Sperm donations taken from men after they have died should be allowed, a study says.
The analysis, which is published in the Journal of Medical Ethics, claims that opt-in post-death donations could be a “morally permissible” way of increasing the stocks available.
In 2017 in the UK, 2,345 babies were born after a sperm donation. However, there is a growing shortage of donations around the country because of strict regulations.
Sperm can be collected after death either through electrical stimulation of the prostate gland or surgery, and can then be frozen.
Evidence suggests that sperm harvested from men who have died can still result in viable pregnancies and healthy children, even when retrieved up to 48 hours after death has occurred.
n the analysis, Dr Nathan Hodson, from the University of Leicester, and Dr Joshua Parker, from Manchester’s Wythenshawe Hospital, argue that such a method falls into similar territory to organ donation.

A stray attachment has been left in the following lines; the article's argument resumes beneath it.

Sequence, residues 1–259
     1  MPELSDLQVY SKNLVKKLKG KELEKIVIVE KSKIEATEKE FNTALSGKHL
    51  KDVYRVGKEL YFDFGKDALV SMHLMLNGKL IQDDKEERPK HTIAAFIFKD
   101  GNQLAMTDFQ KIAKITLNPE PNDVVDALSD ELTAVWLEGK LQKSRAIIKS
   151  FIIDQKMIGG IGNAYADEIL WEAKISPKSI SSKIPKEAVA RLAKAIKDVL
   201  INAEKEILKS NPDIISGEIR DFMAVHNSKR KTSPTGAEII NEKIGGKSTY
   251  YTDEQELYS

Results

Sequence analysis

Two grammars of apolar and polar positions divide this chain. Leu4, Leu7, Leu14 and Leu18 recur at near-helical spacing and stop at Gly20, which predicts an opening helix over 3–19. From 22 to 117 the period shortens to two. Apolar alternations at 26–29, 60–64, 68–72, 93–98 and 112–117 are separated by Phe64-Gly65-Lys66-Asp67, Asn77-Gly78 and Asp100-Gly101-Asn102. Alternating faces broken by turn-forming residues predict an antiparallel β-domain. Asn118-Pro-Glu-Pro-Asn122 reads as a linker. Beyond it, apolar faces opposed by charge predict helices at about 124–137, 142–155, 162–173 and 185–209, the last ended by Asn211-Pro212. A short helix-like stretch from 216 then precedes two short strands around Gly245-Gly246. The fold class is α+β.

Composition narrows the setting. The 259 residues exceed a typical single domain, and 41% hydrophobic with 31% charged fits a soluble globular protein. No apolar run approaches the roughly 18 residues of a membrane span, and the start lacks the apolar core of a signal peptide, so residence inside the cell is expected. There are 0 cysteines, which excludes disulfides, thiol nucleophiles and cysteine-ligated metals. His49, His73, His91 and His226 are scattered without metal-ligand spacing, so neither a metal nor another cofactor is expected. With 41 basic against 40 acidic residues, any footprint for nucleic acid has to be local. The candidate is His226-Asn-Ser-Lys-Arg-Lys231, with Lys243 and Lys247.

“If it is morally acceptable that individuals can donate their tissues to relieve the suffering of others in ‘life-enhancing transplants’ for diseases, we see no reason this cannot be extended to other forms of suffering like infertility,” they said.
However, it could raise questions about consent and family veto, and there are concerns about the integrity surrounding the anonymity of the donor, they added.